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3901 Davis Blvd., two blocks east of Airport Road


3901 Davis Blvd., east of Airport Road

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The occupation has ended

Matthew 4:12-23

Sunday Sermon

Barbara Metcalfe

Licensed lay preacher

Jan. 26, 2020

I wonder if any of you are students of history? I’m not—I teach English. But I’ve picked up a few things over my long life, and one is that when there is a war or a conflict, the country that wins the war occupies the country that lost. I was a child during the American occupation of Japan, and as occupations go, it was a benevolent one—I recall that military families were urged to hire Japanese people and participate in charitable efforts to help them recover. But that’s the exception—most occupations are repressive and often even brutal.

It’s the celebration of the end of an occupation that prompted Isaiah’s beautiful words that we heard this morning—the words that were echoed in Matthew’s gospel. I had hopes of explaining just what was going on, but this is the best I can do. Isaiah was in Jerusalem, which is in Judah, the southern part of what we call the Holy Land, and it had been dominated by Israel, the larger northern part (which includes Zebulon and Naphtali) , because Israel had formed some alliances which Judah had not participated in. Somehow, under King Ahaz of Judah, Judah had achieved its independence. That’s what Isaiah is celebrating.. One source I read called it the Fourth of July for Judah.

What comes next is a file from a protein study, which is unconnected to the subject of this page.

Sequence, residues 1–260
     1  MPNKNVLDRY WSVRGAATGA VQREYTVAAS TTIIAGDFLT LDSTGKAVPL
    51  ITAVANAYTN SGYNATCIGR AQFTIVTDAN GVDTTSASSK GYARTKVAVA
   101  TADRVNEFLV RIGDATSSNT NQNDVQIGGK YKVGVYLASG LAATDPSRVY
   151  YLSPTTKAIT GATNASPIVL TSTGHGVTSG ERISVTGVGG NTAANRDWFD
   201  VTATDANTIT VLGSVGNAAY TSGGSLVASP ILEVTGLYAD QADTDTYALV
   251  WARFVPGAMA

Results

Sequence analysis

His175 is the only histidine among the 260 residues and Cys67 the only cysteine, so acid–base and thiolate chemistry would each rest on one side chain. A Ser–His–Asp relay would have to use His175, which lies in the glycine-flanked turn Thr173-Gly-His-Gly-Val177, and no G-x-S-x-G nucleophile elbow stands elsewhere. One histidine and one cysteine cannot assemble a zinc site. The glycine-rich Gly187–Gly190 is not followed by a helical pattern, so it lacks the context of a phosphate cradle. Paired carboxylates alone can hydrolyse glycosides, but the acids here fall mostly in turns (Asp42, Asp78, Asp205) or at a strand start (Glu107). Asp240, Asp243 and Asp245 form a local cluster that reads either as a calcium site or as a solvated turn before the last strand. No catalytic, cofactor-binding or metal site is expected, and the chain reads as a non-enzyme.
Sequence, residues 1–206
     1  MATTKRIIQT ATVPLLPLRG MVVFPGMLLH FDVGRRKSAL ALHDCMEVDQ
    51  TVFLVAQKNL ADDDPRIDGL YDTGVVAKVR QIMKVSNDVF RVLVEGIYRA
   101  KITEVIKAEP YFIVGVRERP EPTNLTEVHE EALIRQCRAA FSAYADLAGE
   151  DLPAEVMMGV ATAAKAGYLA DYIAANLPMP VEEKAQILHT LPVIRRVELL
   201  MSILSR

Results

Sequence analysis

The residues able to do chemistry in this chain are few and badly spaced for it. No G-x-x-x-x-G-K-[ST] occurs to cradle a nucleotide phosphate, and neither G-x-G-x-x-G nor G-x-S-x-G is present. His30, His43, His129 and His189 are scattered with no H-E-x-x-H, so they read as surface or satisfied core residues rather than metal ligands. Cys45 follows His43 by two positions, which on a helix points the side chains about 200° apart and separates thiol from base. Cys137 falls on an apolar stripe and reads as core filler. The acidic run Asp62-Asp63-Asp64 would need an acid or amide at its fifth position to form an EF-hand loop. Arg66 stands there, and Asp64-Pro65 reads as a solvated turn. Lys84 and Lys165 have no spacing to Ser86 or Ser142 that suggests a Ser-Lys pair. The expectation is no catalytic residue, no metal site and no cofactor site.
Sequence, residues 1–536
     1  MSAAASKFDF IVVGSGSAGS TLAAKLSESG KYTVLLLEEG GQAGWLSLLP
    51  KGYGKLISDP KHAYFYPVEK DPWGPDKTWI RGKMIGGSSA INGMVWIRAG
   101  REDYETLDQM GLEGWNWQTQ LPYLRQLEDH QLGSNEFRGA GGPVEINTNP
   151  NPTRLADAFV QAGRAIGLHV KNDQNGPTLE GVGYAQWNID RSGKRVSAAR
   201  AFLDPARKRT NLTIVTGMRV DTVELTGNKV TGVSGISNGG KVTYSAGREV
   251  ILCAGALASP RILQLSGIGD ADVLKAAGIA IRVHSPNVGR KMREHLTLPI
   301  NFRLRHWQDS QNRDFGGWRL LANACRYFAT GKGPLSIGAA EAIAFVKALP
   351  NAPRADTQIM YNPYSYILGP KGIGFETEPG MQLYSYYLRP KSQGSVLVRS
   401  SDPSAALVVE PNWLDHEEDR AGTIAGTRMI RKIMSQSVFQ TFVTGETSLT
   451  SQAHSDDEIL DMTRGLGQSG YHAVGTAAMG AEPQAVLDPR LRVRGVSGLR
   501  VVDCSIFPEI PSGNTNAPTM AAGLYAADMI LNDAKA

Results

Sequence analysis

But fast forward to the beginning of Jesus’ ministry in the passage we read from Matthew. They were experiencing one of the worst occupations in all history—the Roman empire. The cruelty of this regime has never been surpassed. It is amazing that God chose this time in history to send his son into the world.
At this time, Judah and Israel have been united, and the oppressed people of the Holy Land have responded to the preaching of John the Baptist, but he has now been arrested. Although Jesus lived in Nazareth, he traveled to the territory of Zebulun and Naphtali; he wanted to invoke the message of Isaiah’s words as he began his ministry. Jesus is the great light the people will see. This is the time of the dawn of that great light.

So he launches his ministry at this time and place. He calls for repentance; he selects four of his disciples, who willingly drop their fishing business and follow him, not knowing where he will lead, and he begins preaching, curing disease, and forgiving sins.  

Matthew tells us that what had been spoken by Isaiah would be fulfilled. Many people at that time thought that Jesus would throw off the occupation of the Romans, and they were to be disappointed about that. But Jesus’s freedom from occupation was in a much greater sense. It was in our very souls. 

Jesus tells us that he frees us from all occupation—from the burdens of regret for mistakes we’ve made, attachments and habits that harm us, lingering anger and resentments, sins of all kinds—all those things that occupy us just as cruelly as a conquering army. He urges us to repent and be free of these things. This is the good news of the kingdom, for which we give our thanks today. The people who sat in darkness have seen a great light, and the kingdom of heaven has come near.

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